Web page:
Deutsche Bank (DB), Germany’s largest bank, said on Monday that it will cease its involvement in the global coal mining industry by 2025 and reduce its exposure to other fossil fuel activities.
Effective immediately, the bank said, it will cease to finance any new energy projects in the Arctic region or oil sand projects. By the end of this year, the Frankfurt-based bank will review all its existing business activities in the oil and gas industry.
Deutsche Bank has already committed to avoid financing any new coal-fired power plants.
Deutsche Bank also said it signed an agreement called the “Equator Principles” which it describes as a “risk management framework for assessing the environmental and social risk of financing projects. The principles ensure that strict environmental and social standards are applied during the project development and construction process, including follow-up monitoring.”
Deutsche Bank also indicated it will stop financing any oil and gas projects that use hydraulic fracturing in countries with limited water supplies and new oil sand projects — involving exploration, production, transport or processing.
“Our new fossil fuels policy sets us a strict framework for our business activities in the oil, gas and coal sector,” said Chief Executive Officer Christian Sewing. “In its current form, the policy sets us ambitious targets and enables us to help our longstanding clients with their own transformation. It will allow us to play our part in protecting the climate and helping the EU to achieve its goal of being climate neutral by 2050.”
In June of this year, Deutsche Bank pledged to match its credit portfolios with the objectives of the Paris Agreement on fighting climate change.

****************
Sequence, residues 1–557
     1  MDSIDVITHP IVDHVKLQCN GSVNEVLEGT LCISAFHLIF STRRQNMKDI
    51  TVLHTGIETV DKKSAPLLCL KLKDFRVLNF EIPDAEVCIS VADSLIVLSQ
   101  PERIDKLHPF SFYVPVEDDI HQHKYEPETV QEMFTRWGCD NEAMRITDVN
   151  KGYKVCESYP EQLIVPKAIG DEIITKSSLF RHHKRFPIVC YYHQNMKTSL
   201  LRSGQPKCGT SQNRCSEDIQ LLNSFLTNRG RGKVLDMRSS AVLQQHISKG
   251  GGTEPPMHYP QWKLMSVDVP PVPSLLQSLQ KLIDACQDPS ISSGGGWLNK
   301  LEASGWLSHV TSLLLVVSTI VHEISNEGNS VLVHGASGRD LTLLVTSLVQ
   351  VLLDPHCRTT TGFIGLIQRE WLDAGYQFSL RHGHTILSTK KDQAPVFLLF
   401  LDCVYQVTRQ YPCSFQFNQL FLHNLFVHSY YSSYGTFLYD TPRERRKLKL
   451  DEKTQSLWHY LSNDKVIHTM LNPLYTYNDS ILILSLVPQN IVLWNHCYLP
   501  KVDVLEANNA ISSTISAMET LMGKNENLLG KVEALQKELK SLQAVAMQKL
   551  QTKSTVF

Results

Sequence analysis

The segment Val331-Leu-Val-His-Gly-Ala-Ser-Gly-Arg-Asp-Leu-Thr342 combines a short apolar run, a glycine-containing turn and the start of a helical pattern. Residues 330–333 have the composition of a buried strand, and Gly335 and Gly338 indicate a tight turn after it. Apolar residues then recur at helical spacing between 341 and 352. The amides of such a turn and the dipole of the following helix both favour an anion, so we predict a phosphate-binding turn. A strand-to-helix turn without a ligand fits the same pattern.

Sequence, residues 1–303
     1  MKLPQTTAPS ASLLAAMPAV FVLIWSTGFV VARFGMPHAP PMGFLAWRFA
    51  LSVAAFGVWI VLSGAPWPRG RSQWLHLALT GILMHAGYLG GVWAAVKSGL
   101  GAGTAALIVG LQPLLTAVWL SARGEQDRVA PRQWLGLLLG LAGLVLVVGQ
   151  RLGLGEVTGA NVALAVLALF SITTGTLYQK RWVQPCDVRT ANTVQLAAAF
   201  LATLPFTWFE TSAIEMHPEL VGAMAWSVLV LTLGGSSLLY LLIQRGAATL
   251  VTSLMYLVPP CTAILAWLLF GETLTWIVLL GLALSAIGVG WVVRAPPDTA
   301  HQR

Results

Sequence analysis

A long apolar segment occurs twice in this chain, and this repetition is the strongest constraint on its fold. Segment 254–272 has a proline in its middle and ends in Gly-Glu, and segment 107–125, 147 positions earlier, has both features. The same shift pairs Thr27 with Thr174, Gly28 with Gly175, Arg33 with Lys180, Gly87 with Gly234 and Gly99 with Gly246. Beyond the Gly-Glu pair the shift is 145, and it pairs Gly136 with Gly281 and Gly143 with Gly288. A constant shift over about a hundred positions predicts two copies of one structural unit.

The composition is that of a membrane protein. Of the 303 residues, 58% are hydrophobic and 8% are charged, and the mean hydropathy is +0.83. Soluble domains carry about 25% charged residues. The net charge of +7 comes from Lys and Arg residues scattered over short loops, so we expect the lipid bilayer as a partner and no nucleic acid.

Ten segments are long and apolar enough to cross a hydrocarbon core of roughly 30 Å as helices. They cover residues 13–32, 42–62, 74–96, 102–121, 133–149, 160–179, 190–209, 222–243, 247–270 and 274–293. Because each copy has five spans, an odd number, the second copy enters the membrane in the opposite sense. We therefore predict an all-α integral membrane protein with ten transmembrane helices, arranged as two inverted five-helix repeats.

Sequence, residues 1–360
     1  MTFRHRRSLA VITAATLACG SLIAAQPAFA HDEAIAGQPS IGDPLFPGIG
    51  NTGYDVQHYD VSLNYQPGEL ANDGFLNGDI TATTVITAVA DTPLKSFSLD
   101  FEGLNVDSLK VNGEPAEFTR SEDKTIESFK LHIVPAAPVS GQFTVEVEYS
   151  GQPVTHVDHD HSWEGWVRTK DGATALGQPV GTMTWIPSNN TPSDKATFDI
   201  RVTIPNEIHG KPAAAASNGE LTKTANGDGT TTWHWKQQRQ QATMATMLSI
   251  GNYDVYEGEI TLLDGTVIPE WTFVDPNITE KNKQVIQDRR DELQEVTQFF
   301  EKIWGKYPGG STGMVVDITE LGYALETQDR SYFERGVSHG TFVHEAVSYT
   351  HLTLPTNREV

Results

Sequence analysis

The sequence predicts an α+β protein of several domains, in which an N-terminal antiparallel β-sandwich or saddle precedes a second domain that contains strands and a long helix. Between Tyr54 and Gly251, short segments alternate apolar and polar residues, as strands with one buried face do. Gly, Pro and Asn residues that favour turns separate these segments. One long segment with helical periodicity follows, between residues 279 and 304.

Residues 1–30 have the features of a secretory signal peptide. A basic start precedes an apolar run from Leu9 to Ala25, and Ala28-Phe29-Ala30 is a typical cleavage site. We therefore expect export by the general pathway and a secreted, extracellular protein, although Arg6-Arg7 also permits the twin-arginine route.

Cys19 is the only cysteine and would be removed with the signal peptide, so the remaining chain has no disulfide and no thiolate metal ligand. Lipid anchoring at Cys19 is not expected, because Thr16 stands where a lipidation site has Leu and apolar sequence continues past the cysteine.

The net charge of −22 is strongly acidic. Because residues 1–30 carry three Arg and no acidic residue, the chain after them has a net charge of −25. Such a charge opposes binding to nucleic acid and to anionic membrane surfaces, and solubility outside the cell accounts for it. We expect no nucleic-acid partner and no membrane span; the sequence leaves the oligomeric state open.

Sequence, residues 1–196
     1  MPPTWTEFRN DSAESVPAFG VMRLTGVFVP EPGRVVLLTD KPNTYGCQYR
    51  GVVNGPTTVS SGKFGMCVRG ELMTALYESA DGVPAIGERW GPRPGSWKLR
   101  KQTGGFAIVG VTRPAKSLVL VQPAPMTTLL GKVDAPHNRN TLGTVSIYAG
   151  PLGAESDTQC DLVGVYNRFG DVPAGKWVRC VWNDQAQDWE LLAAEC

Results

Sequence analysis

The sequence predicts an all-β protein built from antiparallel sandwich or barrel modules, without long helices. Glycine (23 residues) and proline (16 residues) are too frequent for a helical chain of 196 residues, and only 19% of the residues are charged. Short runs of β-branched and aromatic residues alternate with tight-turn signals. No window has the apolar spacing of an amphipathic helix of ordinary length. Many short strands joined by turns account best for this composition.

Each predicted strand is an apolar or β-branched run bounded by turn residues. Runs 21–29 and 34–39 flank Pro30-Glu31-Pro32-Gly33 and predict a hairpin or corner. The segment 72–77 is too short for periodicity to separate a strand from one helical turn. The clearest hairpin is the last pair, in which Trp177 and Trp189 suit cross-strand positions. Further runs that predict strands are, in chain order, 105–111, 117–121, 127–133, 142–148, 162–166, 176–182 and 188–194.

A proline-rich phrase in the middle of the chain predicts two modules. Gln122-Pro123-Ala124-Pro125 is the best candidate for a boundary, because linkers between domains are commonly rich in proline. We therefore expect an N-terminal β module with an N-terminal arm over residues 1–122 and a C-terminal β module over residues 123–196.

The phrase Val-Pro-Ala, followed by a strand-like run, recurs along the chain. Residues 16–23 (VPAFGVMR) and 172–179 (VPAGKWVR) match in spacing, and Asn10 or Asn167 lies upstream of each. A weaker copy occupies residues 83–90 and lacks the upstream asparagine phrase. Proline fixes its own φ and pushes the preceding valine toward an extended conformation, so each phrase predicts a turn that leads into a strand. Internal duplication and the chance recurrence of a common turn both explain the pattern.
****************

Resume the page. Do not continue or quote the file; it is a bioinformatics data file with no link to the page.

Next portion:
However, Urgewald, a non-profit environmental and human rights organization, was unimpressed with Deutsche Bank’s new policies.
“When it comes to coal power companies, [Deutsche Bank] has not specified any concrete exclusion plans yet,” the group stated. “Instead, the bank announced it would assess coal power companies’ transition plans by the end of this year. However, this will only apply to companies with a coal share of power generation or coal-powered capacity of more than 50%. This means that companies such as [German energy firm] Uniper are not affected. It also gives major coal power companies such as Europe’s largest [carbon dioxide]emitter RWE and Poland’s biggest coal company PGE a chance to convince Deutsche Bank that their transition plans are sufficient to remain in the bank’s portfolio.”
In February of this year, JPMorgan (JPM) said it would stop all its business activities with coal companies and limit financing to companies that drill in the Arctic.
Business Insider reported that last year The Institute for Energy Economics and Financial Analysis said more than 100 financial institutions will scale back their investments in coal.